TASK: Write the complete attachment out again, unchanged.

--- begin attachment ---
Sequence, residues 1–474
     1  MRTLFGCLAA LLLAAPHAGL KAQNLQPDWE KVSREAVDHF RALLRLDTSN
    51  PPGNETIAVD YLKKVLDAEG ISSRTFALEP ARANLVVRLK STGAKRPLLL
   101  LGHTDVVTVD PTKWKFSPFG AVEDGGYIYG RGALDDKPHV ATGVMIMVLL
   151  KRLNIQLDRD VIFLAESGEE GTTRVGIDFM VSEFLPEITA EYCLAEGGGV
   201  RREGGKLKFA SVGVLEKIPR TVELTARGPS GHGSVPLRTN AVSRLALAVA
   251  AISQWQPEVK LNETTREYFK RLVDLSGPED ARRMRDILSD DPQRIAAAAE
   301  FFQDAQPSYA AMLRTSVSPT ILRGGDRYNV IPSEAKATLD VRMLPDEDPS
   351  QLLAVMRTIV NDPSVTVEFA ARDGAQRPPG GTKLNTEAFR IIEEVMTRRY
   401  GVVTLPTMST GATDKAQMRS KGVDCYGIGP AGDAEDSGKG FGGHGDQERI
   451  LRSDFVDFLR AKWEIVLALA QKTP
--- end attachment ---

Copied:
Sequence, residues 1–474
     1  MRTLFGCLAA LLLAAPHAGL KAQNLQPDWE KVSREAVDHF RALLRLDTSN
    51  PPGNETIAVD YLKKVLDAEG ISSRTFALEP ARANLVVRLK STGAKRPLLL
   101  LGHTDVVTVD PTKWKFSPFG AVEDGGYIYG RGALDDKPHV ATGVMIMVLL
   151  KRLNIQLDRD VIFLAESGEE GTTRVGIDFM VSEFLPEITA EYCLAEGGGV
   201  RREGGKLKFA SVGVLEKIPR TVELTARGPS GHGSVPLRTN AVSRLALAVA
   251  AISQWQPEVK LNETTREYFK RLVDLSGPED ARRMRDILSD DPQRIAAAAE
   301  FFQDAQPSYA AMLRTSVSPT ILRGGDRYNV IPSEAKATLD VRMLPDEDPS
   351  QLLAVMRTIV NDPSVTVEFA ARDGAQRPPG GTKLNTEAFR IIEEVMTRRY
   401  GVVTLPTMST GATDKAQMRS KGVDCYGIGP AGDAEDSGKG FGGHGDQERI
   451  LRSDFVDFLR AKWEIVLALA QKTP